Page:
What Customer Relationship Managers Won't Tell You About Investments
5 secrets your bank’s customer relationship managers won’t tell you
Let’s say, you are an earner with a reasonable saving habit. You want to invest and gain better returns than what you get from fixed deposits. You have little idea how to do this, and your work leaves you with even less time to learn.
One day, you receive a polite phone call from your bank’s client or customer relationship manager (CRM). The bank has noticed you have cash to spare and they’d like to help you make investments. A friendly young person smoothly talks you through some options and presents you with a list of suggestions. Simply sign a few forms and your investment needs will be taken care of, quickly and painlessly, they suggest.
This fills a genuine need for hassle-free financial advice to those who are keen to invest but are either overwhelmed by the paperwork and financial rigmarole, or apprehensive about fine-print minutiae and hidden costs. However, a CRM’s advice could lend itself to what is known as a principal–agent conflict: The objectives of the principal (you) are not perfectly aligned to that of the agent (the bank, often represented by the CRM).
Don’t get me wrong. Customer relationship managers often give good advice. But that’s incidental to their interests. Investments are a long-term process where you may have to take periods of underperformance in your stride. So, even if you suspect a principal–agent conflict, once you’ve committed, you are in for the long haul.
Now, you might think that paying an extra, say, one per cent in fees is a reasonable cost for the time and trouble it saves you. But remember, that same one per cent could have compounded to a much larger sum over time. Here’s an easy example---compare your earnings from investing Rs 1 lakh for 10 years at a 10 per cent rate of return (compounded annually) (this is Rs 2,59,374) versus investing Rs 99,000 for 10 years (Rs 2,56,780). The ‘missing’ Rs 1,000 in the invested amount would have grown to Rs 2,590. Many financial schemes charge much higher fees, which means the bank earns fat commissions, and there is less of your capital working for you.
In order to ensure you get the best mileage out of your CRM, keep the following things in mind:
What’s in it for you
If the bank can earn a good return for you, while charging its fees, great. But that’s not the agent’s primary concern. You are interested in a decent return; the bank wants to put your money into schemes where it earns the highest fees; the CRM is interested in meeting their financial targets and earning commissions. In fact, you may have noticed CRMs being particularly insistent that you sign off on investments around the time the financial calendar ends, since they are under high pressure to meet their targets.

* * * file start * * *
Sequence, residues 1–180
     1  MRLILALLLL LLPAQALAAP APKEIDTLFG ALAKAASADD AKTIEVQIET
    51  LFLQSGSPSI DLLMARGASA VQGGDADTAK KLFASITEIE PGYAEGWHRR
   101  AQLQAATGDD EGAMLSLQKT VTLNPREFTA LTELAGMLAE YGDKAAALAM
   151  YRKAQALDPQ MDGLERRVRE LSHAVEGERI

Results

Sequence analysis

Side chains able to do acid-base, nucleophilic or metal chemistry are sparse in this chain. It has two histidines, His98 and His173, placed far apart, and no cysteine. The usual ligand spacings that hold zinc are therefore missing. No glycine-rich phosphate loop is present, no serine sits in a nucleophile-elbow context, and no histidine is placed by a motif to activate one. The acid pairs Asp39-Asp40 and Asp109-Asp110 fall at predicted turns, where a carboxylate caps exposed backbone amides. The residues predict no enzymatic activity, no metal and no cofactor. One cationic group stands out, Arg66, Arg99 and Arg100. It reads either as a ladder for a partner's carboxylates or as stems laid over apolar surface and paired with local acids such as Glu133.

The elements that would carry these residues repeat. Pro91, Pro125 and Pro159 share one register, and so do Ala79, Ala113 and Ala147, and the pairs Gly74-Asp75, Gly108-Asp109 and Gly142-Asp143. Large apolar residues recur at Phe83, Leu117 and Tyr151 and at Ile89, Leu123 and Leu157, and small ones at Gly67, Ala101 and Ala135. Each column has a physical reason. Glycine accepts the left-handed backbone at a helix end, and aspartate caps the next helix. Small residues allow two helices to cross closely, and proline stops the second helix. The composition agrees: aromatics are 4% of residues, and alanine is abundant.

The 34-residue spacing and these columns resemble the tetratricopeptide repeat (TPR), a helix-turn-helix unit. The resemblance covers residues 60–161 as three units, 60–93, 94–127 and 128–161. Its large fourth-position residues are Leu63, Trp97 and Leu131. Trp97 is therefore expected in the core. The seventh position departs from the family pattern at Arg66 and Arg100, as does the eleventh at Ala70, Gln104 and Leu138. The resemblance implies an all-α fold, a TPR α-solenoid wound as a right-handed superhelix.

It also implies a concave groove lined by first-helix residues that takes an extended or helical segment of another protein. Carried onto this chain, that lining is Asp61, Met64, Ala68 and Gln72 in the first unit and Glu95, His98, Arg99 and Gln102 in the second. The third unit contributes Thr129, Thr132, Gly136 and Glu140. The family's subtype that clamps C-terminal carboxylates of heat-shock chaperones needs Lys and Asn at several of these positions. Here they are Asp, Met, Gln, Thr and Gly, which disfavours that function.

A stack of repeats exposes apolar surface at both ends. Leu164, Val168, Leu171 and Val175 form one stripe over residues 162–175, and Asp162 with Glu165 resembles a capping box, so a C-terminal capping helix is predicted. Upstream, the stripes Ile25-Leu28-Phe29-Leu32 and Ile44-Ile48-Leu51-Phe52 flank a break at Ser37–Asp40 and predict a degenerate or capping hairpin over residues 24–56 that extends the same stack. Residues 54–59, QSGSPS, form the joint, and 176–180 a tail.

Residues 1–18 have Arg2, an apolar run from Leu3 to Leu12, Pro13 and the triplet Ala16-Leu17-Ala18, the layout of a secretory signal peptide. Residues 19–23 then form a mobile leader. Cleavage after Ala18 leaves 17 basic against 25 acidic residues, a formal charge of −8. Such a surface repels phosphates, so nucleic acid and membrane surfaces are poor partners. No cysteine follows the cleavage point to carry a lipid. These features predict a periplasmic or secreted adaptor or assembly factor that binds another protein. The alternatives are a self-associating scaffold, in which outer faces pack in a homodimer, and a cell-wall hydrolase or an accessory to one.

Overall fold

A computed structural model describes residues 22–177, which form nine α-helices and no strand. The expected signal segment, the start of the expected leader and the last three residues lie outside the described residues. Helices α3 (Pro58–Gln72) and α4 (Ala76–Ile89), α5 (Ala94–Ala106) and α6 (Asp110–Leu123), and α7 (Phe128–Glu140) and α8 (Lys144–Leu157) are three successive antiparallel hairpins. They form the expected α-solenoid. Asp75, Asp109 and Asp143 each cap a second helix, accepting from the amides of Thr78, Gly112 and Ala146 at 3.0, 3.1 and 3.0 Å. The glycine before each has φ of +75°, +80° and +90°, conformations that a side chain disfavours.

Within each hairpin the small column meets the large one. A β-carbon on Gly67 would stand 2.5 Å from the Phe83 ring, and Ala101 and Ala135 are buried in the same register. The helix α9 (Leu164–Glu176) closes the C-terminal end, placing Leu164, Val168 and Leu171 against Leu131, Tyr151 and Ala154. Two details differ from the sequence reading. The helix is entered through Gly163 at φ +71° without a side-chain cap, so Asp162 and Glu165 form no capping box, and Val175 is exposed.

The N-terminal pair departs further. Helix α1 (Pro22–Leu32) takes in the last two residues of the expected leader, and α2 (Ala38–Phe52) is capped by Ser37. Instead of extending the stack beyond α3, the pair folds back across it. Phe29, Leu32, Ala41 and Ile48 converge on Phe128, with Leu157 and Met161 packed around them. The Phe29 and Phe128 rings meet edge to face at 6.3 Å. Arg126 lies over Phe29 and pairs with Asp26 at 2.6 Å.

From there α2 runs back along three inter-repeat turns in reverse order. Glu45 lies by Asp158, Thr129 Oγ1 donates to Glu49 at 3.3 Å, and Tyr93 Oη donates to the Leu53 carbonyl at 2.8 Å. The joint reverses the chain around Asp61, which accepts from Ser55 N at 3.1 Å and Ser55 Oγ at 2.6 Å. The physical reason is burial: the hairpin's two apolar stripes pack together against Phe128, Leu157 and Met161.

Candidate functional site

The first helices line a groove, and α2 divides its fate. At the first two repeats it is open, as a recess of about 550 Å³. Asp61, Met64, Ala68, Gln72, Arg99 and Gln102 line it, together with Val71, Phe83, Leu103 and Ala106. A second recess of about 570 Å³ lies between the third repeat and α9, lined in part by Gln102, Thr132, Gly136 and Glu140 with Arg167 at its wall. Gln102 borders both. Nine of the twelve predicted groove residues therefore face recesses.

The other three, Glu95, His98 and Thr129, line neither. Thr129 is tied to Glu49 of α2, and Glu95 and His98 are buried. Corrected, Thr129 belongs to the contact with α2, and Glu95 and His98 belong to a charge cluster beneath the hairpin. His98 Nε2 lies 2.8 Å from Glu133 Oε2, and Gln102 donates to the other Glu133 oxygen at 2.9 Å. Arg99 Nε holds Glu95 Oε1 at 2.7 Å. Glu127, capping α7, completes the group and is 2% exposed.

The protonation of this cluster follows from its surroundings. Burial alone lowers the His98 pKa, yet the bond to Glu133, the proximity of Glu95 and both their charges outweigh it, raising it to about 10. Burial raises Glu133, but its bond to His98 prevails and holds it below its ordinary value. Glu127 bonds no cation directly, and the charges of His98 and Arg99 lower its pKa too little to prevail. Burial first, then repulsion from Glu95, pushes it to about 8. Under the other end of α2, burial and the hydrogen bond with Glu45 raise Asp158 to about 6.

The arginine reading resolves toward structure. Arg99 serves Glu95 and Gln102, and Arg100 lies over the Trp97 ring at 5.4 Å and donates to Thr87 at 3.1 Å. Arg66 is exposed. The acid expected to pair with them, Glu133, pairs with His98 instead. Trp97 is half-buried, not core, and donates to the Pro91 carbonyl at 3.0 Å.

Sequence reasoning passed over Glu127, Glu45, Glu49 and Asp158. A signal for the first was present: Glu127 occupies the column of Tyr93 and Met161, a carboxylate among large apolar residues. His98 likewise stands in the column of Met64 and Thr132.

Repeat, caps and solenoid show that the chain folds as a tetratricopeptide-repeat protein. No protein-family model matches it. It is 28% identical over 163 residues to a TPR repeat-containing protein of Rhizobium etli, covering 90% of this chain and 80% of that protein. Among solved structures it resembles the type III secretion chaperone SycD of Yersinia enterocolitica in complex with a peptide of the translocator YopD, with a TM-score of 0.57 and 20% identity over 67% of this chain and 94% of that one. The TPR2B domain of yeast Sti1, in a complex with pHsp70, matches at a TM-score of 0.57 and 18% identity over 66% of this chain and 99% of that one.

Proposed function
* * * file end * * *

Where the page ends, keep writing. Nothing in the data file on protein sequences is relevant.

The bank’s takeaway
Find out how much the bank makes for signing you up for each of the investments it is suggesting. Also, ask if there are termination fees or other hidden costs and lock-in periods. These are very important questions so do not be embarrassed to ask. If the charges seem high, dig deeper. In fact, don’t be afraid to ask any questions that occur to you, no matter how silly they may seem. It’s your money---you have a right to know.
Take your time
Don’t sign up immediately. Go online and look up the returns for any suggestions made by the bank. If these are standard mutual fund schemes, you will have a fair picture of return history and the types of portfolios held. Companies are required by law to provide this information to potential investors. If these are not standard schemes, follow up with your CRM by asking questions about returns, portfolio make-up and investment strategy. Also, using online sources to educate yourself about financial terms (equity, debt, mid- or large-cap, actuals, NAV and SIP to name a few) and investment gambits will ensure you are more confident while dealing with professionals. Senior citizens and young earners can be particularly vulnerable to erroneous investment choices, so hold back from making decisions or signing anything until you’ve done your homework.
Consider multiple options
We all go window-shopping, both offline and online, before we buy things like a mobile phone. We’ll choose, say, the online purchase option only after carefully checking prices, features and discounts available at retail stores. Treat your investments the same way. You can, for example, subscribe directly to a mutual fund and save some cash, rather than buy through the bank.
Consult trusted sources
Ask the CRM if they can refer you to other clients. If you want to weaponize this approach, start a social media page and ask your friends for feedback. Chances are your friends have financial profiles similar to yours, and may have useful experiences to share as well. If possible, hire a financial advisor. Give them a clear brief regarding your specific investment goals, parameters and constraints (if any), and they can advise you on everything from portfolio management to asset allocations.
Yes, all this does involve spending a few extra hours. But a bit of due diligence is much better than trying to rescue a poor portfolio, and this can make a vital difference to your returns over the long term.
Devangshu Datta is a financial journalist and columnist with over 25 years of published work. He has written extensively on personal finance, mutual funds and equity investments in Business Standard, Value Research, Asia Times and Outlook.